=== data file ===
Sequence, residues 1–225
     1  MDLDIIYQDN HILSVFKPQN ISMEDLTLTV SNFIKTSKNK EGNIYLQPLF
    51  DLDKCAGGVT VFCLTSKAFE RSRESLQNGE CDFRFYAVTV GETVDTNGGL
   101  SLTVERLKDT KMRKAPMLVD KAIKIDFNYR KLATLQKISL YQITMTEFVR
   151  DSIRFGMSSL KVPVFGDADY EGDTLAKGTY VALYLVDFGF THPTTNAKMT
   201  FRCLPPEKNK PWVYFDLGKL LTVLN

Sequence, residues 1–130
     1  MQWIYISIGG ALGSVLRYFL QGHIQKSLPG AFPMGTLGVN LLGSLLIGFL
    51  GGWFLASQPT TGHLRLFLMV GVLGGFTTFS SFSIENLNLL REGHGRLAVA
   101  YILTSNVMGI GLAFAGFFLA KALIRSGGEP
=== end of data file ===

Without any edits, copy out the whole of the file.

Sequence, residues 1–225
     1  MDLDIIYQDN HILSVFKPQN ISMEDLTLTV SNFIKTSKNK EGNIYLQPLF
    51  DLDKCAGGVT VFCLTSKAFE RSRESLQNGE CDFRFYAVTV GETVDTNGGL
   101  SLTVERLKDT KMRKAPMLVD KAIKIDFNYR KLATLQKISL YQITMTEFVR
   151  DSIRFGMSSL KVPVFGDADY EGDTLAKGTY VALYLVDFGF THPTTNAKMT
   201  FRCLPPEKNK PWVYFDLGKL LTVLN

Sequence, residues 1–130
     1  MQWIYISIGG ALGSVLRYFL QGHIQKSLPG AFPMGTLGVN LLGSLLIGFL
    51  GGWFLASQPT TGHLRLFLMV GVLGGFTTFS SFSIENLNLL REGHGRLAVA
   101  YILTSNVMGI GLAFAGFFLA KALIRSGGEP